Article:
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Pdsg1 and Pdsg2, novel proteins involved in developmental genome remodelling in Paramecium.

Arambasic M, Sandoval PY, Hoehener C, Singh A, Swart EC, Nowacki M - PLoS ONE (2014)

Bottom Line: We show that these proteins are necessary for the excision of germline-limited DNA during development and the survival of sexual progeny.Knockdown of PDSG1 and PDSG2 genes affects the populations of small RNAs known to be involved in the programming of DNA elimination (scanRNAs and iesRNAs) and chromatin modification patterns during development.Our results suggest an association between RNA-mediated trans-generational epigenetic signal and chromatin modifications in the process of Paramecium genome reorganization.

View Article: PubMed Central - PubMed

Affiliation: Institute of Cell Biology, University of Bern, Bern, Switzerland.

ABSTRACT
The epigenetic influence of maternal cells on the development of their progeny has long been studied in various eukaryotes. Multicellular organisms usually provide their zygotes not only with nutrients but also with functional elements required for proper development, such as coding and non-coding RNAs. These maternally deposited RNAs exhibit a variety of functions, from regulating gene expression to assuring genome integrity. In ciliates, such as Paramecium these RNAs participate in the programming of large-scale genome reorganization during development, distinguishing germline-limited DNA, which is excised, from somatic-destined DNA. Only a handful of proteins playing roles in this process have been identified so far, including typical RNAi-derived factors such as Dicer-like and Piwi proteins. Here we report and characterize two novel proteins, Pdsg1 and Pdsg2 (Paramecium protein involved in Development of the Somatic Genome 1 and 2), involved in Paramecium genome reorganization. We show that these proteins are necessary for the excision of germline-limited DNA during development and the survival of sexual progeny. Knockdown of PDSG1 and PDSG2 genes affects the populations of small RNAs known to be involved in the programming of DNA elimination (scanRNAs and iesRNAs) and chromatin modification patterns during development. Our results suggest an association between RNA-mediated trans-generational epigenetic signal and chromatin modifications in the process of Paramecium genome reorganization.

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Proposed model of Pdsg1 and Pdsg2 roles in elimination of mcIESs during MAC development.(A) Early development, MIC germline genome is transcribed and transcripts are processed by Dcl2/3 into scnRNAs. (B) scnRNAs are transported from the MIC to parental MAC by Ptiwi01/09. Once in the parental MAC, scanning takes place filtering out the MAC genome-matching scnRNAs. We propose that the matching of scnRNAs to complementary sequences may be driven by a multiprotein complex that may include Pdsg1. (C) scnRNAs without matching sequences are transported to the new MAC where they target the excision of complementary sequences. This study suggests that Pdsg2 may be part of the DNA excision machinery. (D) After the excision, IESs are used as templates for iesRNA production to ensure reinforce the signal for an efficient targeting of IES excision.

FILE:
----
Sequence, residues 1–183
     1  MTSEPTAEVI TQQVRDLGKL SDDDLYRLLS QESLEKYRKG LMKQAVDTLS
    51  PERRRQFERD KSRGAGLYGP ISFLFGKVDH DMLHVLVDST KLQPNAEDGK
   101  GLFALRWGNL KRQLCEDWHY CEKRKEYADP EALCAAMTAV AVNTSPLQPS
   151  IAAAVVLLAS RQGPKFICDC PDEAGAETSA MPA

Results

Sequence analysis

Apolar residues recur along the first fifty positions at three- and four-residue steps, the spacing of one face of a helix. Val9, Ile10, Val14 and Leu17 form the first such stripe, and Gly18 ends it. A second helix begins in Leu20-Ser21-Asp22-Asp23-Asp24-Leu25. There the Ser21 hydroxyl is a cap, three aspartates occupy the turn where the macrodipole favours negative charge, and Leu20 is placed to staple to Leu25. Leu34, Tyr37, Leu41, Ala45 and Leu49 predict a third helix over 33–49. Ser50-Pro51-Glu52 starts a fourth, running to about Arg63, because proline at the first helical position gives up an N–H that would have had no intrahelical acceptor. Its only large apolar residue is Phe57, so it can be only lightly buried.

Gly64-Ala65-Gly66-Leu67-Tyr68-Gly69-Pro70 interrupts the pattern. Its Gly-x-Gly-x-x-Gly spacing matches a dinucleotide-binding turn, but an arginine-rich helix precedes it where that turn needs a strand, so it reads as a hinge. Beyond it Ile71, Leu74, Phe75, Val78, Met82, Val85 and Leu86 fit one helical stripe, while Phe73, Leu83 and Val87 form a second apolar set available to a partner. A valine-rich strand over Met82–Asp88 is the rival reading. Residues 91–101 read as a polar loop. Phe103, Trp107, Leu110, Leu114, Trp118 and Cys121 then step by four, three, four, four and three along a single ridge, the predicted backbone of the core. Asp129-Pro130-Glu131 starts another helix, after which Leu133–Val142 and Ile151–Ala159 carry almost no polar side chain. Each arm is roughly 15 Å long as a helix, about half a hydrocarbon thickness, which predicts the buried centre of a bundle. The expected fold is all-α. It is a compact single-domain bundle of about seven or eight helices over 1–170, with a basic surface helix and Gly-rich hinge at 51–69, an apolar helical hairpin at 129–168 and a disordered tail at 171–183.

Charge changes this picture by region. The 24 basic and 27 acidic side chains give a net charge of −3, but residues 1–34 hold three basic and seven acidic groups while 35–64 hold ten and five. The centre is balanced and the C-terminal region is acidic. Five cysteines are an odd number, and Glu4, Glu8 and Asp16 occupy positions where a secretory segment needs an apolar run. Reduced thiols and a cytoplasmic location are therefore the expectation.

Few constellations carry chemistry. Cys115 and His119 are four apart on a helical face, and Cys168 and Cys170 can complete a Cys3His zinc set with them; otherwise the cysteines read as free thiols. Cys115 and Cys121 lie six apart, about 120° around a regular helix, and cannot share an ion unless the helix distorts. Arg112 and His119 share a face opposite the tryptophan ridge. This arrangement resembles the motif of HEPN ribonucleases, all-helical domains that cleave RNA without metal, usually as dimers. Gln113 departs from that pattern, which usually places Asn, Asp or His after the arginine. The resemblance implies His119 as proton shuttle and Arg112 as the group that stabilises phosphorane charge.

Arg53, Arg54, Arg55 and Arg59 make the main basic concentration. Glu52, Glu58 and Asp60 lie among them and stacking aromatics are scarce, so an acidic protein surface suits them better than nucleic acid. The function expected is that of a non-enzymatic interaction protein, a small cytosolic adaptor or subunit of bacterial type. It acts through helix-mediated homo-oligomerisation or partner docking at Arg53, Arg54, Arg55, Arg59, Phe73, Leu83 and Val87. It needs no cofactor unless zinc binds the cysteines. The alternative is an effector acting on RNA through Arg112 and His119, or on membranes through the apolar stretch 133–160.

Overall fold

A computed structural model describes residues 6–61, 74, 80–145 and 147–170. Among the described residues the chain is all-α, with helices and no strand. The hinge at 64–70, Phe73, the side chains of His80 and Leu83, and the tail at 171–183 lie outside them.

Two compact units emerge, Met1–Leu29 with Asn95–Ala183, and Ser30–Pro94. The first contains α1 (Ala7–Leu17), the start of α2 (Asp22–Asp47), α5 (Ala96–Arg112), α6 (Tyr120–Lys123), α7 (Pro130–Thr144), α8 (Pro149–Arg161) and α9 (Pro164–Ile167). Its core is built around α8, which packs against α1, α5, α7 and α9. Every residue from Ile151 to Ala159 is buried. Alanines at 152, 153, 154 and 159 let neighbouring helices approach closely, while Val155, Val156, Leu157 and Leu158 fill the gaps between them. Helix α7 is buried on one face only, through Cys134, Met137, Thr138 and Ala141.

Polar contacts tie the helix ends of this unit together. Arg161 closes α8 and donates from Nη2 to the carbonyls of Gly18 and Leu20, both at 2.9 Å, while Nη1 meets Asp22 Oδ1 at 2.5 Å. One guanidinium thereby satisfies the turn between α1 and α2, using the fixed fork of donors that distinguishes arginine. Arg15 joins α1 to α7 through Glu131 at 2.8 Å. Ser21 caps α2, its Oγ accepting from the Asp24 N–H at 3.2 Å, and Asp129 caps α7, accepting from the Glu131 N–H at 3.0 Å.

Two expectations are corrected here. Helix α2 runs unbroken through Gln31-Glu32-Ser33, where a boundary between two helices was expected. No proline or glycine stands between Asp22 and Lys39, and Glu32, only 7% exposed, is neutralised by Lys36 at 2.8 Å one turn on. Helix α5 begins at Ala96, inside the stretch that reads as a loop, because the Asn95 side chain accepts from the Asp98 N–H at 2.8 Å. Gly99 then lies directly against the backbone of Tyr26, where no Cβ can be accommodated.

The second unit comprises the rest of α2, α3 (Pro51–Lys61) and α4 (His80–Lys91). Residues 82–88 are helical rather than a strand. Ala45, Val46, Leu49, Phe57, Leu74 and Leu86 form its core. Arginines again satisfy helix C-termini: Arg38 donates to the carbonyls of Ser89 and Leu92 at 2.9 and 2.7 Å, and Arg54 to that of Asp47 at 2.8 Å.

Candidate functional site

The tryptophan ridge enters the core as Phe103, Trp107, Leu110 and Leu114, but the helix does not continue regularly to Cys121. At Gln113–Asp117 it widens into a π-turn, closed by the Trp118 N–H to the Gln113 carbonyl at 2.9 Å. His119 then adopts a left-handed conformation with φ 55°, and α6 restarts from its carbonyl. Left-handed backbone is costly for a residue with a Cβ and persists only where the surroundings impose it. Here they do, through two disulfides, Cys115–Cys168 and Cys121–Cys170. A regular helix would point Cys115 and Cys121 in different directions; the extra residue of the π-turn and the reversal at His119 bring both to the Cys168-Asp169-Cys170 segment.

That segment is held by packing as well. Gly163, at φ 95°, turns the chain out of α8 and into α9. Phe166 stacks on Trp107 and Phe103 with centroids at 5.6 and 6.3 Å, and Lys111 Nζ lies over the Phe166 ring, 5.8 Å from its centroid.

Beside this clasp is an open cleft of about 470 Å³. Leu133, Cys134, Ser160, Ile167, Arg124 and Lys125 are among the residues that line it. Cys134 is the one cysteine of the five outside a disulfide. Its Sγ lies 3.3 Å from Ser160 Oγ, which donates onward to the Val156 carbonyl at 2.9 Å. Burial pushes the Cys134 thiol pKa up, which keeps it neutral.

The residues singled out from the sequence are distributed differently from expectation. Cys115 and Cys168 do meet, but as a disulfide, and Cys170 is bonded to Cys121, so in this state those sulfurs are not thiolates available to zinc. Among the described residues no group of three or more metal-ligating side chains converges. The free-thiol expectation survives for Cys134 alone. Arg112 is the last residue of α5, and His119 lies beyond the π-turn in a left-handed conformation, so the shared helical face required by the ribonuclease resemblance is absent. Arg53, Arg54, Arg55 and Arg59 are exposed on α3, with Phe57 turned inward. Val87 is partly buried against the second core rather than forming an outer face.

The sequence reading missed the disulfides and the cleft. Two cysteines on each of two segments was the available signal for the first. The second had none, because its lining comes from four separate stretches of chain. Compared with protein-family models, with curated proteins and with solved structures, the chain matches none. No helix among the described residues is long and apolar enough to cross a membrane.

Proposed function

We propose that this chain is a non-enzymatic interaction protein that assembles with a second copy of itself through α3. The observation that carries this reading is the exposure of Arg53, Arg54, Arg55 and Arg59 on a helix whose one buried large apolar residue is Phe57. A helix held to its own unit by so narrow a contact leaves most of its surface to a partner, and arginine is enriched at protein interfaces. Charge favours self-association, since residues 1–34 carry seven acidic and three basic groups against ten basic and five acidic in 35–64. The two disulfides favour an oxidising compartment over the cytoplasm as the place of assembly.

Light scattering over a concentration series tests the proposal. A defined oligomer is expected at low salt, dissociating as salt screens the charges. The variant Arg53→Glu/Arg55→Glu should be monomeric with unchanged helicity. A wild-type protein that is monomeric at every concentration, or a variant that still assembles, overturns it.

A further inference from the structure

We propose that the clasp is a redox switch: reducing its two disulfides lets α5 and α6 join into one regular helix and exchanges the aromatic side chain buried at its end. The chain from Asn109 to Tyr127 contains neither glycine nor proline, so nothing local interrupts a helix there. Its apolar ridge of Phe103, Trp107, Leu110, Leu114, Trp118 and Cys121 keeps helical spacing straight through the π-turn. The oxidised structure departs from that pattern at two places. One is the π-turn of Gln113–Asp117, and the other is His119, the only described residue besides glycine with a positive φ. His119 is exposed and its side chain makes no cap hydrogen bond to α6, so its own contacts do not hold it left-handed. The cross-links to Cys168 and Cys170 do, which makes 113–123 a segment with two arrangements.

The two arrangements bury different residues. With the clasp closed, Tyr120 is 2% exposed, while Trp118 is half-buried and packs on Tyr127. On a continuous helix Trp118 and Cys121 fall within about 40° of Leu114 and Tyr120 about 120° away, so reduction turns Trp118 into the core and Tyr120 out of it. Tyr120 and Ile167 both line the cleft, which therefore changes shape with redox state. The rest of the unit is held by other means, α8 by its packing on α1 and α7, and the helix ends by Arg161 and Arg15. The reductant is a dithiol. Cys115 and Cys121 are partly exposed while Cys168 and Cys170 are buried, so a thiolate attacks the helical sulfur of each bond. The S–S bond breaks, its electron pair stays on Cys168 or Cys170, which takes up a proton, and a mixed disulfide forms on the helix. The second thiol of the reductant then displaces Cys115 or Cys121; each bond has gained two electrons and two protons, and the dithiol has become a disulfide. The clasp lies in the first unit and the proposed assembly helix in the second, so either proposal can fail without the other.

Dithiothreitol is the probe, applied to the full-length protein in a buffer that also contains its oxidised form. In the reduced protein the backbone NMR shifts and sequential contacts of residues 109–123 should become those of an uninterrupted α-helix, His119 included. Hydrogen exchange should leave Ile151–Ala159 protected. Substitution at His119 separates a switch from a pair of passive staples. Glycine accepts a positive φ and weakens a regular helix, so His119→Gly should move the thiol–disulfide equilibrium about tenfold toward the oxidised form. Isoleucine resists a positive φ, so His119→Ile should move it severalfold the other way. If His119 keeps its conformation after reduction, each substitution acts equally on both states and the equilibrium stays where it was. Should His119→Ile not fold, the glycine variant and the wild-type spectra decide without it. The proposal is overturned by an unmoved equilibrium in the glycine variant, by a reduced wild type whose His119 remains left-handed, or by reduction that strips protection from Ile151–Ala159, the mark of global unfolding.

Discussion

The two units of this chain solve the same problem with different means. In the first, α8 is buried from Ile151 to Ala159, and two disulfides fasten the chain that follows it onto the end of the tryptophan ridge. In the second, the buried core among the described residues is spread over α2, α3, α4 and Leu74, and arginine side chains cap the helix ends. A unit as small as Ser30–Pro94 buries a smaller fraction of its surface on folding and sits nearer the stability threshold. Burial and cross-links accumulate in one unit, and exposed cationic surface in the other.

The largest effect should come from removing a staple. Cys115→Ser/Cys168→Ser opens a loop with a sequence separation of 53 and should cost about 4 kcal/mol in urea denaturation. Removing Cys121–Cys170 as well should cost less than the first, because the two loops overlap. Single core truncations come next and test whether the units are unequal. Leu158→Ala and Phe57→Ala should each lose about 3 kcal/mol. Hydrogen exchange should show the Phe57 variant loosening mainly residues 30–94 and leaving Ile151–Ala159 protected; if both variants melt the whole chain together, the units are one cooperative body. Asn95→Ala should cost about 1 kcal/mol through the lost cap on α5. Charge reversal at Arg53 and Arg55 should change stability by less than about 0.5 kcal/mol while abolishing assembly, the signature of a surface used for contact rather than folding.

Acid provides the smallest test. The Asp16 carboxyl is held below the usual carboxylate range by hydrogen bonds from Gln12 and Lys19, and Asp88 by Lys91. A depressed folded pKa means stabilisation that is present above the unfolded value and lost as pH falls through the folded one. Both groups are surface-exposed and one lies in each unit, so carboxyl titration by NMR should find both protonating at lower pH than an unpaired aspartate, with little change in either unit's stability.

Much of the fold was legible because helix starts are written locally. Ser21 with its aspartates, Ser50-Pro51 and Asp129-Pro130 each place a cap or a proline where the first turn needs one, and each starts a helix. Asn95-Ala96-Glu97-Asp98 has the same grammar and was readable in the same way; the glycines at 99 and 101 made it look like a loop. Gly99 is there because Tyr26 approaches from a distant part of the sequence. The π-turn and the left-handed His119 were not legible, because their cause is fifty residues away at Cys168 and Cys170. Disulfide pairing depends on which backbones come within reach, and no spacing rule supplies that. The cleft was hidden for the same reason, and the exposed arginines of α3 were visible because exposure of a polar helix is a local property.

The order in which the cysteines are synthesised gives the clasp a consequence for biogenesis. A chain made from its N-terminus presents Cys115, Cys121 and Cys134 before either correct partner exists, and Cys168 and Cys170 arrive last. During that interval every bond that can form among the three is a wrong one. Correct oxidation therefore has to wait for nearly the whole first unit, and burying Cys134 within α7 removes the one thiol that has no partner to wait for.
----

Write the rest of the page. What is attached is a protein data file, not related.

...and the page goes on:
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pone-0112899-g006: Proposed model of Pdsg1 and Pdsg2 roles in elimination of mcIESs during MAC development.(A) Early development, MIC germline genome is transcribed and transcripts are processed by Dcl2/3 into scnRNAs. (B) scnRNAs are transported from the MIC to parental MAC by Ptiwi01/09. Once in the parental MAC, scanning takes place filtering out the MAC genome-matching scnRNAs. We propose that the matching of scnRNAs to complementary sequences may be driven by a multiprotein complex that may include Pdsg1. (C) scnRNAs without matching sequences are transported to the new MAC where they target the excision of complementary sequences. This study suggests that Pdsg2 may be part of the DNA excision machinery. (D) After the excision, IESs are used as templates for iesRNA production to ensure reinforce the signal for an efficient targeting of IES excision.

Mentions: PDSG1 reaches the highest level of expression at the beginning of sexual development and remains expressed at a high level until the new MAC is formed. The localization of PDSG1 is very similar to that of Nowa1 protein, which was shown to be involved in the excision of maternally-controlled IESs [15]. Nowa1 is an Argonaute and RNA binding domain-containing protein [15], and its putative role is to facilitate the interactions between Piwi-bound small RNAs and their targets in the maternal MAC (RNA scanning process) and in the developing MAC (targeting DNA excision).We show that depletion of PDSG1 also blocks the excision of some maternally-controlled IESs, which may suggest that both Pdsg1 and Nowa1 are components of the same molecular machinery (Fig. 6). Surprisingly, the silencing of PDSG1 does not affect the elimination of Sardine and Thon transposons which is strongly affected by NOWA1 silencing [15]. No other protein in Paramecium is known to affect only the excision of mcIESs but not the transposons. This difference may indicate that the machinery involved in the process of marking transposons for elimination differs from the one employed in the selection of mcIESs even though the two germline-specific DNA elements seem to require sRNA machinery for their recognition and/or excision.